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Joe Hoover, S.J.June 03, 2022
(Unsplash/Alfons Morales)

Deep Work was due and I could not find it. Where was it? I needed to hunt down Deep Work and get it back to the library. (Deep Work is a book that is great; it is about deep work; everyone should get it.)

That bold black and yellow cover, the author’s name seemingly invented for a smart, muscular life-strategy-ish book (Cal Newport), I could not spot it in my Jesuit quarters anywhere. I needed to find it because the library had been so good to me, shown such faith in me, delivered preemptive mercy to me. The Brooklyn library system had just stopped charging fines for overdue books! For me, for everyone, always, forever!

No more fees! No punishment for having an overdue book! If I failed to get Deep Work back on time, they would no longer be treating me like a criminal, a petty thief, an outlaw subject to shame and bounty, a price on my head, my lending privileges taken away like a dark cave from a spelunker.

They are making me better, the Brooklyn Public Library, by showing me a touch of respect. Bestowing on me a smidge of dignity.

Instead the Brooklyn Library was trusting me. Hey, pal, you’ll do the right thing, right? You’ll get that book in on time! You’re a fundamentally moral human creature. You don’t want to keep that vital galludesic tome from other people who crave it, do you? You want to do what’s right. Most everyone does! The vast majority of book-borrowing humanity will get their books back on time without needing the pandybat of dire municipal literary consequences. (Ed note: the author, in the grand tradition of Shakespeare, his dad and the first humans, made up the word "galludesic". Thanks to reader Andrea Withers for inquiring about it!)

So I want to find Deep Work and get it back. Not because the library will be punishing me if I do not, but because they’ll be disappointed in me. And which is worse: someone punishing you? Or someone being disappointed by you? The second option is far worse, no?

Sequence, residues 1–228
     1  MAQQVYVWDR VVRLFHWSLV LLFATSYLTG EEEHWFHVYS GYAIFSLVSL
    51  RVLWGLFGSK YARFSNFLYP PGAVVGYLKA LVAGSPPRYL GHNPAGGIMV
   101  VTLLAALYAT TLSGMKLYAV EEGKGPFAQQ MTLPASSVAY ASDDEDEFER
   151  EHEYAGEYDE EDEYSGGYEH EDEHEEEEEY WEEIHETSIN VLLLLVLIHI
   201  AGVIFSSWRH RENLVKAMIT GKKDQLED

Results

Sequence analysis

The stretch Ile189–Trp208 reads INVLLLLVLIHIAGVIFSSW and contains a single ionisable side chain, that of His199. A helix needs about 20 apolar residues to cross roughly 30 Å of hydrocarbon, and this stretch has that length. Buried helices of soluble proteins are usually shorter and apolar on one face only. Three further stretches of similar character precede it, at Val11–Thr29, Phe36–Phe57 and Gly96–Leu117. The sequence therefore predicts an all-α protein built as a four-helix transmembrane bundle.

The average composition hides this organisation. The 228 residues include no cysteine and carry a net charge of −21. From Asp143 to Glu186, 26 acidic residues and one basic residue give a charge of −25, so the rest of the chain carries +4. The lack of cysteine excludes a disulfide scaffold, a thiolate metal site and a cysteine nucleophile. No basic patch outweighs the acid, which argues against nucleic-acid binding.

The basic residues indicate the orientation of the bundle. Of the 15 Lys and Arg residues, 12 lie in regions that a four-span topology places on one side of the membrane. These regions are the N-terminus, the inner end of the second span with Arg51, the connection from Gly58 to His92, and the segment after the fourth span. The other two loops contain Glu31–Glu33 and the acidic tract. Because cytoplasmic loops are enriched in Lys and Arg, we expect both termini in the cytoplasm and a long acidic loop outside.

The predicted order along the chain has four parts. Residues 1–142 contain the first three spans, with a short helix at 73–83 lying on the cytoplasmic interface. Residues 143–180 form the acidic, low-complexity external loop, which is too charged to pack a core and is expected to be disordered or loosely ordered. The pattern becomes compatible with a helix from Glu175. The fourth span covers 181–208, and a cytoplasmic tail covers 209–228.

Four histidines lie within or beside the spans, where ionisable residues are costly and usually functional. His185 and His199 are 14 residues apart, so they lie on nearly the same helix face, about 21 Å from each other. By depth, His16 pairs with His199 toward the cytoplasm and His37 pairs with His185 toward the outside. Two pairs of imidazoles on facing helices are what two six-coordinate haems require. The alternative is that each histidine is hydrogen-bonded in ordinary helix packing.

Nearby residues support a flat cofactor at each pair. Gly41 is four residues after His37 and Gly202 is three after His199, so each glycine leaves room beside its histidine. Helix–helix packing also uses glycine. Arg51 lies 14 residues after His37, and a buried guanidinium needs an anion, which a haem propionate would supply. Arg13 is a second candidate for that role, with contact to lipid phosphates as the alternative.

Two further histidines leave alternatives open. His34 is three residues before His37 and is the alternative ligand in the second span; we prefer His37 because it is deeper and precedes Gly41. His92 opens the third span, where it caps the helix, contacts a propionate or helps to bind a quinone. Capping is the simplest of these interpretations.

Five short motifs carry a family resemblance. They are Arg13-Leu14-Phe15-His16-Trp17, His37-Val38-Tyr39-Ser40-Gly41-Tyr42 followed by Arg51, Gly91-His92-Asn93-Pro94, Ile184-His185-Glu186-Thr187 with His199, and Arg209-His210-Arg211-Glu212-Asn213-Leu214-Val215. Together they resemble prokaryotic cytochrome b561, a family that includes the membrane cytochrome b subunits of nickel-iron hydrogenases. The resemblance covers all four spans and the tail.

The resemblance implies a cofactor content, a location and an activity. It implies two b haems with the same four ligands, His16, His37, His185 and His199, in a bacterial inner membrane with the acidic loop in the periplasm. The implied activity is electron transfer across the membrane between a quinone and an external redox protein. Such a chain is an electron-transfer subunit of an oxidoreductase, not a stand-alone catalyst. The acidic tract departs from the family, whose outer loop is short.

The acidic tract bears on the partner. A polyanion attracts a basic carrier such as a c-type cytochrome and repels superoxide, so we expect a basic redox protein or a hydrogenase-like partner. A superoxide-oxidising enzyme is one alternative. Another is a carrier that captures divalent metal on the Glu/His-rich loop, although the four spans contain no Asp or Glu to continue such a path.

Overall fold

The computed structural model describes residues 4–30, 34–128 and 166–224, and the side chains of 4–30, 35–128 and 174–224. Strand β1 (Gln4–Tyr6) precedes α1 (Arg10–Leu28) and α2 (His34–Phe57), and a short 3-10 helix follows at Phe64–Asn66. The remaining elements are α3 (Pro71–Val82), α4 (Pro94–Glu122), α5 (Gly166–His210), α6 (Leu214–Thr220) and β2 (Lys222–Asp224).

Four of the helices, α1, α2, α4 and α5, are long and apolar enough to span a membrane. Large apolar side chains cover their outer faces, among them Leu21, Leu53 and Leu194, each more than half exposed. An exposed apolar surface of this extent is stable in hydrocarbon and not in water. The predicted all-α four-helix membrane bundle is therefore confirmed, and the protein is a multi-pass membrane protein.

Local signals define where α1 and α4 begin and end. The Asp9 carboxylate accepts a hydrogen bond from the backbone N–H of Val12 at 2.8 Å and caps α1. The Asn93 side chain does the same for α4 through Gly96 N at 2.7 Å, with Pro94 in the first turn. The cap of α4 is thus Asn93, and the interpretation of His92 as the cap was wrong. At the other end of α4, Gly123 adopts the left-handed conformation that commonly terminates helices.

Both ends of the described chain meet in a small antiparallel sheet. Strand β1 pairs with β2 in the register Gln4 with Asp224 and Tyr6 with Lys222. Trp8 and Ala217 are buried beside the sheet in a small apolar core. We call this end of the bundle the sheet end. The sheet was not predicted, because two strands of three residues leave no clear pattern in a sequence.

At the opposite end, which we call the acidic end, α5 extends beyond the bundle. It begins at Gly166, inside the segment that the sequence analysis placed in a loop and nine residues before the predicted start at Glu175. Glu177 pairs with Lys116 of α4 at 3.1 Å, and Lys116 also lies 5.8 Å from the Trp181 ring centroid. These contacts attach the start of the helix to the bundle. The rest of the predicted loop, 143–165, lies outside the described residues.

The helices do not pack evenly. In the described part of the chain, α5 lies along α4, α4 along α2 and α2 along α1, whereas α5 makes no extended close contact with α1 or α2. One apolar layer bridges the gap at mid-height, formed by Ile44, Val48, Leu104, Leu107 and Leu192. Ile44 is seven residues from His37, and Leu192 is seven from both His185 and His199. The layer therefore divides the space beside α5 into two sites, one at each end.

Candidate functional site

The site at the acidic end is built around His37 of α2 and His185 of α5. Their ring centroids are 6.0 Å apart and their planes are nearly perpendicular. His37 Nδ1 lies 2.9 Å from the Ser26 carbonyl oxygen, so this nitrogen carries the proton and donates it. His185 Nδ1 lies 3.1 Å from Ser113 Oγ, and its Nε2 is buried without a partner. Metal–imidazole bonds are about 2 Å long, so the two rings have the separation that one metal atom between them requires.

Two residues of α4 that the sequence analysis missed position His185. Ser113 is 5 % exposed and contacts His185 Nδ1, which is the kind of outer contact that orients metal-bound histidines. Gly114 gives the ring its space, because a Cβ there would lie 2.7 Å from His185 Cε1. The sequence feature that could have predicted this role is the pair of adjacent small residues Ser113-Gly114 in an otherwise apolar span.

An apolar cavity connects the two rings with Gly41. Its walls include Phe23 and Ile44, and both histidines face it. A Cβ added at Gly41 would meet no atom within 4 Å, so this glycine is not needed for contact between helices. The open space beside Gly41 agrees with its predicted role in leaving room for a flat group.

Disappointment from someone who did nice things for you, who set you up to succeed, who thought you would be better than that: Letting that person down is just so sad. The look in their eyes, the sigh, maybe even the quietly trailing off, “...it’s okay. It’s fine. No, really. I’m not disappointed. You tried your best. The book just didn’t make it back on time and that’s okay.”

You imagine their brave smile, their dewey eyes. Your heart just collapses in on itself.

The era of library fines is rapidly coming to a close.

Because they have been good to me, I want to be good to them. They are making me better, the Brooklyn Public Library, by showing me a touch of respect. Bestowing on me a smidge of dignity.

In San Diego and Boston, in Burbank and Chicago and Orange Beach, Ala., libraries all over the country have been ending the dispensing of fines for overdue books. For one, late fees apparently do not work. They do not scare people into getting their books back on time. And secondly, the threat of fines keeps many people who are poor or on fixed incomes from even checking out books in the first place. They are warded off by the possibility of steep fines for overdue books that they fear they will not be able to pay back. So they do not borrow, period.

The era of library fines is rapidly coming to a close.

And this new lack of late fees makes me feel just so much more kindly toward my local library. We have a thing, now, the BPL and me. We have an understanding. I quit the ill behavior, returning my books late (like everyone else on earth does, and please do not tell me you return books on time; you do not—no one gets library books back on time, except people who also iron their jeans and arrange their cash by serial number), because they affirmed my human decency. They do not punish the bad thing anymore, so I stop doing the bad thing that would have required the punishment. Brilliant.

(I finally found Deep Work in a basket behind a copy of The New Republic. It was three days late, but still about 29 days earlier than my usual track record. And so I went, in the night, the cold, the snow and ice, to deliver this book unto the library, glorious in character and deed.)

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